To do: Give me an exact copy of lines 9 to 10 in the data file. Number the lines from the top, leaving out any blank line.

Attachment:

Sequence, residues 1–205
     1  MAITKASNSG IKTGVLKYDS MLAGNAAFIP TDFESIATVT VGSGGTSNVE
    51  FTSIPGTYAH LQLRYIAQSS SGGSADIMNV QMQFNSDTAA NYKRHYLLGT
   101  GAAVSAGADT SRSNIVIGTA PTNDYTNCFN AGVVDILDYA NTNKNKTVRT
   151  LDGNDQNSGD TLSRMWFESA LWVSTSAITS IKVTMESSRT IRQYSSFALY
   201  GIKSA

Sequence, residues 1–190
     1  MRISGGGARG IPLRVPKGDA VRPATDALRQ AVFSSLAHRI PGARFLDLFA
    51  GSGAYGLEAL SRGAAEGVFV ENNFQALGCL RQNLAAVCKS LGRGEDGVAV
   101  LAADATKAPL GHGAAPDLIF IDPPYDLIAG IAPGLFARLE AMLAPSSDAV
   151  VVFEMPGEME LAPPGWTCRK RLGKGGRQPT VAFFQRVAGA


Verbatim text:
    51  GSGAYGLEAL SRGAAEGVFV ENNFQALGCL RQNLAAVCKS LGRGEDGVAV
   101  LAADATKAPL GHGAAPDLIF IDPPYDLIAG IAPGLFARLE AMLAPSSDAV